Best Hikes
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20 Popular Hikes in the Smokies You Need to Experience

With millions of visitors each year, the Great Smoky Mountains National Park offers something for everyone from panoramic views and incredible wildlife viewing to fishing and unforgettable hikes. The park is home to a diverse range of hiking trails that cater to all levels of hikers, from easy walks to challenging backcountry treks.

Here’s a list of some of the most popular hikes in the Smokies:

Alum Cave Trail to Mount LeConte
Alum Cave Trail to Mount LeConte | photo via bbrianmarkk

Alum Cave Trail to Mount LeConte

A challenging hike offering diverse landscapes, including Arch Rock, Inspiration Point, and Alum Cave Bluffs, leading up to the summit of Mount LeConte.

The Alum Cave Trail to Mount LeConte is a popular hiking route known for its diverse landscapes and scenic views. Stretching about 5 miles to the summit of Mount LeConte, the trail features notable landmarks such as Arch Rock, Inspiration Point, and the Alum Cave Bluffs.

Hikers encounter steep sections, narrow pathways, and changing weather conditions, making it a moderately difficult hike. The trail offers insights into the area’s history and geology, including the unique aluminous soil at the bluffs. It’s a preferred route for reaching Mount LeConte’s summit, attracting hikers with its beauty and challenges.

Andrews Bald-GSMNP
Andrews Bald | photo via sarah.sc11

Andrews Bald

An easier hike that leads to a beautiful grassy bald with outstanding panoramic views, especially in June when the flame azaleas are in bloom.

Hiking to Andrews Bald involves a 3.5-mile round trip on the Forney Ridge Trail, starting from the Clingmans Dome parking area. This trail descends through spruce-fir forests, leading to Andrews Bald, a high-elevation grassy bald known for its panoramic views and seasonal wildflower displays.

The hike is considered moderate in difficulty, with rocky and root-filled paths that can be muddy after rain. The trail has been improved with log steps and drainage systems to protect the area from erosion. Andrews Bald is the park’s highest bald and offers a unique ecosystem and stunning vistas.

Charlies Bunion

A moderate to difficult hike along the Appalachian Trail offering spectacular views of the mountains from a rocky outcrop.

The hike to Charlies Bunion — a prominent rock outcropping with dramatic views — is an 8-mile round trip journey along the Appalachian Trail, starting from the Newfound Gap parking area. This route is renowned for its rugged terrain, featuring steep climbs and rocky paths. The trail offers sweeping views of the surrounding mountains and dense forests.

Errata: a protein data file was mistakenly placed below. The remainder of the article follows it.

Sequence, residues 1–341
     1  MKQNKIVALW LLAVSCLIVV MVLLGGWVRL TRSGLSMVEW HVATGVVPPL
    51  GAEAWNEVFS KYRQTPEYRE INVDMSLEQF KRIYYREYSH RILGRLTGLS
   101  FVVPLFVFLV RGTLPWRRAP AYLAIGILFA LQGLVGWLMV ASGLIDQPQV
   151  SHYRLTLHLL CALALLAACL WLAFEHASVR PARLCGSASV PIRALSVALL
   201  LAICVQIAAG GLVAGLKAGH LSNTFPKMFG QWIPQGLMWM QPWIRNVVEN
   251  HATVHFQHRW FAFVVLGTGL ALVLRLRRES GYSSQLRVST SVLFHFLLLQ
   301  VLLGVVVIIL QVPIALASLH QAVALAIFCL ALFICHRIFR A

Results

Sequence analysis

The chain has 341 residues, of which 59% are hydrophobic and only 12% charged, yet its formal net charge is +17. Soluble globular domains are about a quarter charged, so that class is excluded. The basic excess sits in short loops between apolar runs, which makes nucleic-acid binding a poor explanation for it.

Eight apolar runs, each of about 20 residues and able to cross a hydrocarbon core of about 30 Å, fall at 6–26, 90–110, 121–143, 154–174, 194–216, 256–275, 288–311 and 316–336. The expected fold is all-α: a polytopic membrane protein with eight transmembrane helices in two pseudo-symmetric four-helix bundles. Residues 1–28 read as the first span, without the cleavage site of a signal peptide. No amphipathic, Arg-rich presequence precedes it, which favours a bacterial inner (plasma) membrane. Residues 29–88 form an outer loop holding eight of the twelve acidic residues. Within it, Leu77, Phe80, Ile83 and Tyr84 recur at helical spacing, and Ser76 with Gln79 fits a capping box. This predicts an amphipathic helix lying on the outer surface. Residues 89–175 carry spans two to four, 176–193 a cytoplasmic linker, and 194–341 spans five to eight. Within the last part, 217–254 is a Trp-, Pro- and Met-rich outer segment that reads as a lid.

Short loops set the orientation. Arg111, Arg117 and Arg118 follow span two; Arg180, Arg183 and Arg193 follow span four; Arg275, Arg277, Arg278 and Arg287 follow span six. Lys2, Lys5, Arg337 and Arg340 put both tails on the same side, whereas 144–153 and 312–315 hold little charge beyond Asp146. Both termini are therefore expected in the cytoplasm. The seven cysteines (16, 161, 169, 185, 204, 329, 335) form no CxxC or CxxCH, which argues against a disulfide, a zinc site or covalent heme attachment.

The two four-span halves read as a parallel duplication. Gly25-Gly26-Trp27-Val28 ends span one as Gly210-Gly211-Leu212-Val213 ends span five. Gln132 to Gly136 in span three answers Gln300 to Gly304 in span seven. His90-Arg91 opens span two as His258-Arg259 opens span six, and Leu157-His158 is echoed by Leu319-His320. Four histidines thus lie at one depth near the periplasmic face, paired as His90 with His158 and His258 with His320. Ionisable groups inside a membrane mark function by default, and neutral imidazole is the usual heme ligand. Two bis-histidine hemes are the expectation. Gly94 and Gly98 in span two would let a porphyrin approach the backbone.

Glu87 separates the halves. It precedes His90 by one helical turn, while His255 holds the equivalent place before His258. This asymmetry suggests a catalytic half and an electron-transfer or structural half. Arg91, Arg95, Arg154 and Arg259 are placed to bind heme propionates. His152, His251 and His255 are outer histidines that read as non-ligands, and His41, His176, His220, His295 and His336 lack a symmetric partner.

The hike is considered challenging due to its elevation gain and trail roughness and evokes a sense of accomplishment for those who reach it. Along the way, hikers can enjoy the diversity of the Appalachian highlands, including potential sightings of wildlife and seasonal wildflowers.

Chimney Tops

A strenuous hike that rewards with one of the most iconic views in the park.

The Chimney Tops trail is a 4-mile round trip hike, known for its steep ascent and spectacular panoramic views. Starting from the Newfound Gap Road, the trail climbs through a forested area, crossing streams and offering glimpses of the surrounding mountains. The final ascent to the Chimney Tops pinnacles involves a challenging scramble over rocky terrain.

The trailhead’s elevation gain of 1,400 feet makes it a strenuous hike, recommended for experienced hikers. Due to damage from wildfires, the last section leading directly to the pinnacles is closed, but a newly constructed viewing platform near the end provides stunning views of the Chimney Tops and the surrounding peaks.

Clingmans Dome
Clingmans Dome | photo via cloudstodirt

Clingmans Dome Observation Tower

An easy, paved trail leading to the highest point in the park, offering 360-degree views of the Smokies and beyond.

Clingmans Dome is the highest point in the park, and the hike to its observation tower is an approximately 2-mile round trip. The hike to the tower is a challenging but rewarding experience, as it takes trekkers through a beautiful forest filled with diverse plants and wildlife.

The trail is paved for the most part, but it can be strenuous for those unaccustomed to high altitudes. The observation tower at the summit offers breathtaking 360-degree views of the Smokies and beyond.

Grotto Falls

An easy-to-moderate hike through old-growth forest to a waterfall you can walk behind.

The 2.6-mile round-trip hike to Grotto Falls is a popular and rewarding experience. The trip takes hikers through a beautiful old-growth forest and along a cascading mountain stream. The trail is well-maintained and relatively moderate in difficulty, making it suitable for hikers of all skill levels.